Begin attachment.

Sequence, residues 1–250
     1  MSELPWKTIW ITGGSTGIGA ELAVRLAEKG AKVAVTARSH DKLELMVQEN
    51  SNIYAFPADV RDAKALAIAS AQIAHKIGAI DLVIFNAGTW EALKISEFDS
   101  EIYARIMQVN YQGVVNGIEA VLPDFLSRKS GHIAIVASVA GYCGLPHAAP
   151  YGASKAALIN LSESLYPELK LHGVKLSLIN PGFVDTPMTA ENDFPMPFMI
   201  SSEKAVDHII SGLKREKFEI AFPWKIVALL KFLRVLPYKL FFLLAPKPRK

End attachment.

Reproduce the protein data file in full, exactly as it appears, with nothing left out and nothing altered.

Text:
Sequence, residues 1–250
     1  MSELPWKTIW ITGGSTGIGA ELAVRLAEKG AKVAVTARSH DKLELMVQEN
    51  SNIYAFPADV RDAKALAIAS AQIAHKIGAI DLVIFNAGTW EALKISEFDS
   101  EIYARIMQVN YQGVVNGIEA VLPDFLSRKS GHIAIVASVA GYCGLPHAAP
   151  YGASKAALIN LSESLYPELK LHGVKLSLIN PGFVDTPMTA ENDFPMPFMI
   201  SSEKAVDHII SGLKREKFEI AFPWKIVALL KFLRVLPYKL FFLLAPKPRK